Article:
Rabbi S. Binyomin Ginsberg has just won a small victory for airline passengers tired of being treated badly.
A consultant, author and speaker, Ginsberg flies hundreds of times per year, and counted on his Platinum status for meals, upgrades, and more comfortable seats. But three years ago, a Northwest representative called to tell him the airline was dropping Ginsberg.
"I was told that I complained too much about services," Ginsberg explains.
Now, instead of a series of small complaints from Ginsberg, the airline's going to have to deal with one big one.[jump]
Ginsberg, a 49-year-old parenting and education expert from St. Louis Park, found the explanation odd. Sure, he'd complained a few times.
"For example, my luggage would take an hour and a half to come out, and I think it's a very very reasonable thing to voice a complaint," he says. "I'm not sure why that's unreasonable."
But compared to the massive number of flights he took, he says, his complaints were actually pretty infrequent. (He declined to provide exact numbers.)
Ginsberg began to suspect a more sinister reason for his frequent-flier program ouster.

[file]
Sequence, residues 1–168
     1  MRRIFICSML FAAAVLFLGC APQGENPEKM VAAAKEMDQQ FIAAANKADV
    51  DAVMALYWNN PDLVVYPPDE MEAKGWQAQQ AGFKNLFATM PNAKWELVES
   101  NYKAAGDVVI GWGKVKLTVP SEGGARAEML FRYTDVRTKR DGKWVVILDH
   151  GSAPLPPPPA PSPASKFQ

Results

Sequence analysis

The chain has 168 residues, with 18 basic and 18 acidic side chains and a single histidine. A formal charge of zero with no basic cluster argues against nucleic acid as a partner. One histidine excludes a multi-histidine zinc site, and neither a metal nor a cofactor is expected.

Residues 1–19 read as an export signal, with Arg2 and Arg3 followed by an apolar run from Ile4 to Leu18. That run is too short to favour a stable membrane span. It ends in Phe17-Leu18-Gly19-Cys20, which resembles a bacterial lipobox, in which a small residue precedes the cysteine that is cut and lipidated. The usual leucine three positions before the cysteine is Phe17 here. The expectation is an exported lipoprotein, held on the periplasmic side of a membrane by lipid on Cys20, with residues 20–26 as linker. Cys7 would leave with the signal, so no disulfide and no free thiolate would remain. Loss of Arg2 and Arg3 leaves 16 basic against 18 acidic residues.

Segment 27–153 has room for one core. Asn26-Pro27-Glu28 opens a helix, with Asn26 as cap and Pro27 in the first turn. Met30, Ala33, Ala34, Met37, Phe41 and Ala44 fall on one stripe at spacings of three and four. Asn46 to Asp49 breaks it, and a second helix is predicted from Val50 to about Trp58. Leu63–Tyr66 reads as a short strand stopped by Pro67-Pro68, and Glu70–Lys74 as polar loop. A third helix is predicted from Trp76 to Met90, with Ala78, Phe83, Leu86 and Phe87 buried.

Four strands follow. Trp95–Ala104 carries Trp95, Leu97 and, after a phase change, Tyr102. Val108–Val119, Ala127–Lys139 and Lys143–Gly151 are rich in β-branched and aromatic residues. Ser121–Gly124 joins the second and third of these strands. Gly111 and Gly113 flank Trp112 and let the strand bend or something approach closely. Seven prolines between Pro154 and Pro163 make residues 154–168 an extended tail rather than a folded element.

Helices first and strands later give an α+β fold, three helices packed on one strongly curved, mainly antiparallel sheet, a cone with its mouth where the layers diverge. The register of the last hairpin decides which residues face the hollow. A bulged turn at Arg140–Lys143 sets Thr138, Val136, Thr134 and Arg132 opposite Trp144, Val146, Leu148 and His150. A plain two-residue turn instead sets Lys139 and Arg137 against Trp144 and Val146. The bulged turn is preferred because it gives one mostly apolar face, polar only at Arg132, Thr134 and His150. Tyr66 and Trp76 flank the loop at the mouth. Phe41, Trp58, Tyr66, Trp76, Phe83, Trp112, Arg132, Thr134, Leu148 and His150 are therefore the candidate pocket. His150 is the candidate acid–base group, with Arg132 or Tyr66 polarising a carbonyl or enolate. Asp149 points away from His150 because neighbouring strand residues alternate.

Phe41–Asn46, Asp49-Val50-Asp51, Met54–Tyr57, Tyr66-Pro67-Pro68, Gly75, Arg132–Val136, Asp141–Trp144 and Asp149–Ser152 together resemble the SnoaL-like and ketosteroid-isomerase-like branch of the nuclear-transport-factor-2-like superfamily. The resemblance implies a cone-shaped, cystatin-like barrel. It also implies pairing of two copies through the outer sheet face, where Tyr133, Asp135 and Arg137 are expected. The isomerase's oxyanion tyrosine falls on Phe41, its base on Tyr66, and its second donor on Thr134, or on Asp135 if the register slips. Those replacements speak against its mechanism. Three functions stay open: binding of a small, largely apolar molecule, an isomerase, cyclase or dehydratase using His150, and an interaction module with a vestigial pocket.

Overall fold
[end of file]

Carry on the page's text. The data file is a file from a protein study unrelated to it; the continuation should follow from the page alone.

"This happened at the time that Northwest and Delta were merging," he says. "The suspicion was that they had too many frequent fliers at the higher status in their roll, and they were showing too much of a liability on a balance sheet for the accumulated miles by those passengers. So they had to creatively find ways of getting rid of people."
A few months after he was kicked out, Ginsberg sued. A lower court in southern California refused to hear the case, but just days ago, the appellate court overturned that ruling.
Now, Ginsberg's beef is likely to become the first step in a class-action case of high-mileage flyers dropped when Northwest and Delta merged.
"There could be a lot of worse things in this world," Ginsberg says. "Again, it's more in principle. I was wronged. And I shouldn't be."